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June 28, 2021

If there is Hope for a Rusty, Old Ship, there is Hope for You Too.

 

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Years ago, I went on a sailing journey aboard a beautiful 240-foot, four-mast windjammer.

Built in the Netherlands in 1939 and delivered to Portugal for the purpose of cod fishing, she was christened Argus. After decades of service, she was replaced with more high-tech, equipped vessels, and sold to an American company that provided sailing expeditions to those seeking respite.

It was renamed Polynesia II and more commonly referred to as “the Poly.” For decades, she hosted thousands of people under her brilliant sails, exploring destinations throughout the Caribbean.

I initially sailed her to witness a solar eclipse. While I was excited to experience this event, I was just as amped to call her my home for the upcoming week. I felt a sense of awe upon seeing her—she was beautiful. She was constructed of teak and varnished wood, adorned with lots of brass fittings, and boasted six majestic, triangular sails.

As soon as I stepped aboard, I felt a sense of peace. Perhaps it was due to her amazing presence, experiencing the comforting motion of the sea under my feet, or simply being away from daily-life stresses. Whatever the reason, being aboard her was sublime. Sailing was magical, and days were filled with laughter and an unbelievable sense of freedom, which was also felt by fellow passengers and crewmates.

Everyone, including myself, seemed to feel like kids again, especially when her ropes were freed from the dock and her crisp sails were raised as we journeyed into the wind.

Days began with rolling out of bed, grabbing a coffee, and staggering to top deck to be welcomed with bright sunshine and warm tropical air while gazing at the mysterious waves of the sea. Moments later, her sails would be raised to a bagpipe version of Amazing Grace as we set sail for our next destination.

It was cleansing and energizing to be outside all day, appreciating the beauty of nature. Evenings were spent laying on top deck to watch the sky filled with a blanket of stars, where meteors frequently flew so quickly across the sky it made me question if I saw them. Once in my bunk, I listened to the sound of the sea passing on the other side of the hull as the ship gently rocked me to sleep.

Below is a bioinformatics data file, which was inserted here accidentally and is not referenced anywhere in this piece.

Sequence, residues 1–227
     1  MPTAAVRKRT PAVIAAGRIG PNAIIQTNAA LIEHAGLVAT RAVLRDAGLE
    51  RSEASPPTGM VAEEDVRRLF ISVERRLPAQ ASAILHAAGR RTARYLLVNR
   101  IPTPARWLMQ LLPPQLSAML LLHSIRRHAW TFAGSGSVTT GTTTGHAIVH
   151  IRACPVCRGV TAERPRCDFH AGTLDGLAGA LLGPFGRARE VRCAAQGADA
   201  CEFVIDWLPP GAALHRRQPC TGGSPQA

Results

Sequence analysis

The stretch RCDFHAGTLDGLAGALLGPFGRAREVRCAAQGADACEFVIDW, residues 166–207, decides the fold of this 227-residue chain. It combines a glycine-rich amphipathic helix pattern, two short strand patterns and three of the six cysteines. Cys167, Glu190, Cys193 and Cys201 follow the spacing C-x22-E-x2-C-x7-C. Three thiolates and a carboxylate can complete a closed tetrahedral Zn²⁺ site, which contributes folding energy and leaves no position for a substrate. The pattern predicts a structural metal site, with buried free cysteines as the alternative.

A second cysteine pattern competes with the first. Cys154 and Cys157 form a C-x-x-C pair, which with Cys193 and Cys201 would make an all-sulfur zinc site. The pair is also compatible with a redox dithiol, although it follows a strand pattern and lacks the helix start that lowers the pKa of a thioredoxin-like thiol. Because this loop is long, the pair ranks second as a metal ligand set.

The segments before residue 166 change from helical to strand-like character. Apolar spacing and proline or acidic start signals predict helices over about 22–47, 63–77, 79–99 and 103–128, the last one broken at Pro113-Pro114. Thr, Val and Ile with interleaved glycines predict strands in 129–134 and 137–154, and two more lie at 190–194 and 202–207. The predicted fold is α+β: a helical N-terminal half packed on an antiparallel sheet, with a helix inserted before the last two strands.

Sailing on the Polynesia provided the ultimate feeling of escape. No television, phones, or internet—a total disconnection from the world. For years, I enjoyed and treasured this getaway, but in the late 2000s, the company folded and there weren’t any more sailing trips. The entire fleet of six ships was either stripped and sold at auction or sunk to create barrier reefs. I was so sad to hear my favorite respite was no more—a loss I mourn to this day.

A few more years passed, and I learned that my beloved Polynesia was one of the ships that had been sold at auction. She was returned to her home in Portugal, assumed her original name of Argus, and sat in port for over 10 years. Her freedom to move about the sea was behind her as she remained tied to a dock and neglected, while the sun and salt of the sea she once welcomed slowly stripped away her beauty.

She was empty, void of people, and unable to provide the joy to which she was accustomed. When I first saw pictures of her in deplorable condition, she grieved my soul—not only due to the memories she created, but because she deserved better due to all her years of service and protection. I felt an incredible sense of loss, and I wondered why I felt so connected to this vessel. It was just a structure made of wood and steel. But I felt as if I lost a part of me—a part of my family.